Written by Kyle Bluth Friday, 30 April 2010 00:00
The Farmingdale Board of Education adopted the 2010/11 budget at a recent meeting, calling for a 1.96 percent tax levy increase.
With a sparse turnout of only seven people from the community, Assistant Superintendent for Business Paul Defendini offered a presentation of the 2010/11 proposed budget before the board adopted it. He noted the focus of the budget was to ensure that sustainable programs, accompanied by their long-term budgets in subsequent years to come, created the comprehensive need for flexibility and foresight when drawing up the proposed budget.
Defendini said the 2010/11 budget would increase by 3.27 percent from the 2009/10 budget, a $4,709,627 difference from budget to budget. The proposed budget for 2010-2011 stands at $148,954,370. Comparatively, the 2009-2010 budget was $144,244,743.
According to Defendini, $8.7 million will be taken from a combination of fund balance and reserve accounts as revenue that will allow the district to keep a low tax levy. Reserve accounts in the district combine for a total of about $28 million, Defendini said.
In last week’s edition of the Observer, an article entitled, “School Budget Proposes No Program Cuts or Teacher Layoffs” confused the reserve accounts, totaling $28 million, with a capital reserves account of $4 million. The article mistakenly stated the capital reserve account holds $40 million, when in actuality it holds $4 million. The $8.7 million will be taken from the reserve accounts totaling $28 million, not a capital funds account.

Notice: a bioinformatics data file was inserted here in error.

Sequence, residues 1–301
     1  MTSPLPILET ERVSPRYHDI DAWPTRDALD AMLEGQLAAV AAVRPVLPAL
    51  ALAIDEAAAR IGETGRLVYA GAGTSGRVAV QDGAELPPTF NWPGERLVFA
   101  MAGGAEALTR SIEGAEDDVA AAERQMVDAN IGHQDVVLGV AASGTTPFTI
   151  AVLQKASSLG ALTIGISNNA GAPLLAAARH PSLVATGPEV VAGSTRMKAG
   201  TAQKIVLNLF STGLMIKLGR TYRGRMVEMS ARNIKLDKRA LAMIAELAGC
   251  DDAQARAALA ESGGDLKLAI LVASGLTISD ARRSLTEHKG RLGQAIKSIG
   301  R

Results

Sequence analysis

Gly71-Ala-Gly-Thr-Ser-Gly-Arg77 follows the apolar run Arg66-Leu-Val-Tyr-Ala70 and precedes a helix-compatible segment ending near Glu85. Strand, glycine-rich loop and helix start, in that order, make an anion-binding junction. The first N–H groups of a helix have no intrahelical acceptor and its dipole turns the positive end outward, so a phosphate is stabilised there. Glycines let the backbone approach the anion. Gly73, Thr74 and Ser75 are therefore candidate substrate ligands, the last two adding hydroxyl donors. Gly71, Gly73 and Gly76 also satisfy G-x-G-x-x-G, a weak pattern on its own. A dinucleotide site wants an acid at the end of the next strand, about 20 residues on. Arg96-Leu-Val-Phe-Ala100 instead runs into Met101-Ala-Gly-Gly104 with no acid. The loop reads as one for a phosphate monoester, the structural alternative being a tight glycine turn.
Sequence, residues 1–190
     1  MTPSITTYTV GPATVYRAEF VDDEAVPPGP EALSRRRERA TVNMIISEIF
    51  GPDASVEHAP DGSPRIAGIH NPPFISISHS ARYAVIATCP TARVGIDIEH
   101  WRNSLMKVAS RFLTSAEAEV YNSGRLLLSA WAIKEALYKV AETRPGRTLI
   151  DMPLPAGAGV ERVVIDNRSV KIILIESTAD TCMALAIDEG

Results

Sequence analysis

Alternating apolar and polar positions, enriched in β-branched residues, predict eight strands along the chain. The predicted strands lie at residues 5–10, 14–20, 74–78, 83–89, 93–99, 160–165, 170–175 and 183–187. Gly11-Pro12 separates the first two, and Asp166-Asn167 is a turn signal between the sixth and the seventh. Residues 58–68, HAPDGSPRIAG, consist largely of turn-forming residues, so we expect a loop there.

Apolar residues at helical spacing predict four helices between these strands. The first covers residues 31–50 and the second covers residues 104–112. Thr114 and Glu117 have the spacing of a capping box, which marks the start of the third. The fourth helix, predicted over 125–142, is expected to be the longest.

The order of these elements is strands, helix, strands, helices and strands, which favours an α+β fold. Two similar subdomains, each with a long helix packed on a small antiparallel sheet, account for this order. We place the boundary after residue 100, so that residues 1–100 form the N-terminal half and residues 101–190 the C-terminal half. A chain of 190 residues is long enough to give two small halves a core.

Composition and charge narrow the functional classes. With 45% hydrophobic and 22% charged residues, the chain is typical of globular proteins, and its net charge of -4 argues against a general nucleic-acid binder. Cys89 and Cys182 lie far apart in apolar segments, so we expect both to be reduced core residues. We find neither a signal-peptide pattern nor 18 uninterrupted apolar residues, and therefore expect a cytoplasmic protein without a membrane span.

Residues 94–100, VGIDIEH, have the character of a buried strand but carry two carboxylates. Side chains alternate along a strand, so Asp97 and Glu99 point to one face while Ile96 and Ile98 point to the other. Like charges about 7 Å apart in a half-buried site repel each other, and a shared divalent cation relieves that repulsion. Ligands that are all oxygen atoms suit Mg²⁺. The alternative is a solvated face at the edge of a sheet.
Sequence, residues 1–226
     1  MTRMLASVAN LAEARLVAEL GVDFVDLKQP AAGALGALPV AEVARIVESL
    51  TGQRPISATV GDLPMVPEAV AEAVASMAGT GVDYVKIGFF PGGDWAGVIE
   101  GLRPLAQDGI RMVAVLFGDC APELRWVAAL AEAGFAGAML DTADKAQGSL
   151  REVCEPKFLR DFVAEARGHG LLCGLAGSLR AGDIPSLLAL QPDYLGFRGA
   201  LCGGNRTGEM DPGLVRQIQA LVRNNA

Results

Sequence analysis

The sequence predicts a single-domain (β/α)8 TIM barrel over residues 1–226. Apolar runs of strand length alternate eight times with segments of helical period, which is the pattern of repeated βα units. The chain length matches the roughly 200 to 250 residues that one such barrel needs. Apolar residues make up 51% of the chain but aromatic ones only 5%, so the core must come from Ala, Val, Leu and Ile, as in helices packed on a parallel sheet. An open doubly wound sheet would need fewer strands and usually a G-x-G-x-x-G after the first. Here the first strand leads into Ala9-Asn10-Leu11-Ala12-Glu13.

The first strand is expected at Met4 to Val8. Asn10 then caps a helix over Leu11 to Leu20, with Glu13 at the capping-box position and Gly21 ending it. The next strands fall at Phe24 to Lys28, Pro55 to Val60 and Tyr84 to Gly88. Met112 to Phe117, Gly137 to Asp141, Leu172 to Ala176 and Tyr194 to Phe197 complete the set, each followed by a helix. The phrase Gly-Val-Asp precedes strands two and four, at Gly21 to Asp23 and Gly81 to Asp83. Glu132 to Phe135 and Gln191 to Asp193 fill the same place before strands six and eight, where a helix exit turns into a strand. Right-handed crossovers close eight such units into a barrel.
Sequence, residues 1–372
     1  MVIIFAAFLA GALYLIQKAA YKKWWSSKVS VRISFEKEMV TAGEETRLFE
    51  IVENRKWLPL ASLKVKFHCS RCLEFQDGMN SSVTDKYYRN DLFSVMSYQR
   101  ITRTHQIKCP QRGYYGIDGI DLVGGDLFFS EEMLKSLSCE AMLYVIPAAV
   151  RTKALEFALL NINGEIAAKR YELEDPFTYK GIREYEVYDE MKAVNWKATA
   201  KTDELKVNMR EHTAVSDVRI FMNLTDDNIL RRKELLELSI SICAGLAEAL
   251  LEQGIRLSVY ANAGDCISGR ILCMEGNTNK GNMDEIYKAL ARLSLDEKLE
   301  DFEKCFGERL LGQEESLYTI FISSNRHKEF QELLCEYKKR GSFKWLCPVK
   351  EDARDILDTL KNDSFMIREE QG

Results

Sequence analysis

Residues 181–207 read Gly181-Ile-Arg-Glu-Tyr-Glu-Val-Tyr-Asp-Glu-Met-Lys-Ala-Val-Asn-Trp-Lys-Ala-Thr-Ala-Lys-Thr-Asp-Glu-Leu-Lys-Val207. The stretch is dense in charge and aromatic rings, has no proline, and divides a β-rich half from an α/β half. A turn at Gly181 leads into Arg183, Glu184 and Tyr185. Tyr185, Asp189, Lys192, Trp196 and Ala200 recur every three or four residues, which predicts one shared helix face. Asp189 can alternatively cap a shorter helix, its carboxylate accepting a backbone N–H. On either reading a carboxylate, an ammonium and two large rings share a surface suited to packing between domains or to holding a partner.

With high property taxes a major concern to local residents, the 1.96 percent property tax levy increase is more palatable than those of nearby districts.
“The average tax levy increase right now looks like it’s at about 4 percent across Long Island…but as we suspected when we began the process, our tax levy looks like it is going to be on the low side when compared to other districts across Long Island,” Defendini said.
Teacher salaries and benefits are the primary reason school districts see their budget increase from year to year, Defendini said.
“No surprise to anybody in here that almost the entire increase to the state of the budget for the upcoming year is broken out to paying salaries and employee benefits,” he said. “As educators and professionals the responsibility to educate students falls largely on people and that’s where the money winds up going.”
Along with voting on the budget, residents will be asked to vote on Proposition 2, to take $4 million from a capital reserve to replace windows at the high school. Work is tentatively set to begin in August and estimated to take one year to complete. An initial estimate from district architects is $4,085,543 for the projects but additional expenses vary and the district could end up paying less or more, Defendini said.
The board agreed to this capital project now because construction costs are low.
“They are making an effort to control costs,” a resident at the meeting said. “Where they haven’t made an effort to reduce costs on the budget is that salaries and benefits are still going up.”
Residents not already registered to vote may do so on May 8 from 3– 9 p.m. in the Howitt East Lobby.
A public hearing will be held on Tuesday, May 11 at 8 p.m. at Howitt East Cafeteria to discuss the adopted 2010-11 budget.
The budget vote and election will be held on Tuesday, May 18 in the Howitt East Gymnasium from 6 a.m. to 9 p.m.